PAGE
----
Fighting for Sacred Food, and Spaces, in the Oregon Rainforest
By James Smith
Circle of Children, an Oregon-based non-profit, is moving to create a space for like-minded community members far and wide to gather, knowledge-share, work, and learn. Once up and running, their visionary Triangle Lake Center will host non-profit organizations,sustainable-living programs, visiting scholars, and local students and schools.
Circle of Children is aiming to create a safe sacred space that will safely allow kids to get back out to work, play, and learn in natural environments, even as those natural spaces are rapidly declining.
he Founder and Director of Circle of Children, William Weishampel (also known as Blackhorse Shasta) is working with his all-volunteer staff to get the donated $1.2 million, 60 acre conference center, volunteer guest houses, restrooms, kitchen, and gardens, repaired, renovated, and operational. Unfortunately, for the last few years Circle of Children has been facing challenging legal hurdles and political opposition to their operations from those who don’t want to see a cooperatively-run natural learning space take hold in the heavily-logged region.
Circle of Children’s story is not a new one. Many activists and whole-foods proponents have faced similar setbacks and challenges. It is what we all face, as the individuals and communities who are trying to protect and preserve good wholesome food, heirloom varieties of seeds and eats, endangered species, and beautiful natural spaces. It is a fight that will never end until we lose our protected spaces, or run out energy and resources– but thankfully for every negative force there is an even greater and more powerful force on the side of good, who know how to mobilize the masses and call attention to worthy causes.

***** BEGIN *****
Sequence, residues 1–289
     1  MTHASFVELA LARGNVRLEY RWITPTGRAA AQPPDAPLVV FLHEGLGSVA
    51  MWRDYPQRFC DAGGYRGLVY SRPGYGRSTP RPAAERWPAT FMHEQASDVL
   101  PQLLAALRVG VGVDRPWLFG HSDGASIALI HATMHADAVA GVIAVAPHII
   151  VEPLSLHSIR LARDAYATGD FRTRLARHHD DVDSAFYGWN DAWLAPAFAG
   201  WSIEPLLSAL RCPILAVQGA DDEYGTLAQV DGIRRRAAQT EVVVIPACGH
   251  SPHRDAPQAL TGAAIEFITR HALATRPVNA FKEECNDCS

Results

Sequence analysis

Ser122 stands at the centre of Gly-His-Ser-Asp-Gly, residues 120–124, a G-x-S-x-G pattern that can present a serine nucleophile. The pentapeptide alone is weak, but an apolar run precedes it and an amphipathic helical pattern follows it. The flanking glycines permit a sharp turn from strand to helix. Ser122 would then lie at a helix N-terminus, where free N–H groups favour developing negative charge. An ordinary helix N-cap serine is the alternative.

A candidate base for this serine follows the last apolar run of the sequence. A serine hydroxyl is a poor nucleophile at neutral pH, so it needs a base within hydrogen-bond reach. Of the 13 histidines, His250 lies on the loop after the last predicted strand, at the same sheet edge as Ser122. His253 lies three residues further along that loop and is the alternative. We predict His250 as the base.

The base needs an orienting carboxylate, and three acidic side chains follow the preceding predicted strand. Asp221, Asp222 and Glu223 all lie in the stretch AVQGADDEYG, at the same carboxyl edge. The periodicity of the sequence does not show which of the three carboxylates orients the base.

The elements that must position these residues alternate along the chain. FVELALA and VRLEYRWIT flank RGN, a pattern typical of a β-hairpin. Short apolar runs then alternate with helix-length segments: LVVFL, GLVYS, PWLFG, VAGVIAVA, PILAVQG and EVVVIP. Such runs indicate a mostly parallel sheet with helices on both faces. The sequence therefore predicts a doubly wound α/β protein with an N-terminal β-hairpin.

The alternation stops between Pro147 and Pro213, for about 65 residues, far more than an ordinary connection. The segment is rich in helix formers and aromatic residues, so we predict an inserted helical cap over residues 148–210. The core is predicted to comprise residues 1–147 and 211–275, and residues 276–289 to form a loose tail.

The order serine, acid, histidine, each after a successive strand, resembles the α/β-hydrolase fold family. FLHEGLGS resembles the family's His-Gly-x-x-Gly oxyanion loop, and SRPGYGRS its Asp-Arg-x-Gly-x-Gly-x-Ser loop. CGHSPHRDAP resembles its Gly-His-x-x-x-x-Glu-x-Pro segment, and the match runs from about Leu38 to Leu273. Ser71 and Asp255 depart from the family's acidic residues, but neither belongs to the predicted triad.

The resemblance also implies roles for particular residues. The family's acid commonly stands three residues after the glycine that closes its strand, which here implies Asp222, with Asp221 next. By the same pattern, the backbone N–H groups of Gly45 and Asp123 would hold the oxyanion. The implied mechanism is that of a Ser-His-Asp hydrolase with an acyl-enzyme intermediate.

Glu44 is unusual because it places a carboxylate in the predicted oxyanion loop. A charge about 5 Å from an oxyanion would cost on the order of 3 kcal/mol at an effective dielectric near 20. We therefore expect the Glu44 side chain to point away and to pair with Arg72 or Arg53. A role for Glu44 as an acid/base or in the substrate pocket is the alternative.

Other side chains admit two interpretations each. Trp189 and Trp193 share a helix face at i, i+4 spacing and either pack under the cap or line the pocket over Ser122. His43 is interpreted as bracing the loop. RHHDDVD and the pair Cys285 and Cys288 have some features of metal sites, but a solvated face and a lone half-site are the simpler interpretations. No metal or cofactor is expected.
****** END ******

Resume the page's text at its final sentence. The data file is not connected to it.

Some of the things on circle of Children’s wish list, or rather “dream” list as far as their long term-goals go, are solar panels for the barn and a wood chipper so they can more effectively clean and maintain the property - producing their own mulch as well. They understand the importance of mulching, composting and utilizing natural manures to mimic the rich spongy soil of the forest floor around them.
Conventional gardening techniques, like tilling and subtractive farming, do nothing for the long-term health of the plants, soil, or planet. In contrast, applied regenerative techniques and permaculture concepts, like food forests and low water gardening – are making a resurgence in a big way – because they just make more sense! We can’t afford anything less than to start repairing the planet instead of only maintaining the status-quo. If we can grow healthy organic foods for ourselves and our communities in the process, and also teach children the value of hard work and effort – what’s not to like?
Circle of Children knows they are facing an uphill battle but one that they will keep fighting. Their courage in the face of consistent smear campaigns and operational permit issues they are facing is inspirational. They have the support of hundreds of local residents and students and a list of community organizations that are excited to use the conference center - planned to be offered as a community resource - to hold their events, retreats, and other work projects.
One upcoming event, in coordination with GEM Network, is a “Permaculture Olympics.” where participants will compete in a wide range of events designed to challenge their permaculture, farming, and field talents. Participants will get a chance to show off their finely-honed skills in a variety of permaculture-themed events. Contact Circle of Children for more information on how you can help or get involved.
With continued financial support, in-kind donations, and gifted volunteer hours from people all around the globe, Circle of Children will see their dreams and goals materialize. Though weary, they will overcome these obstacles and legal battles to come out stronger and more vibrant than ever before. Stay strong, my weary friends, stay strong!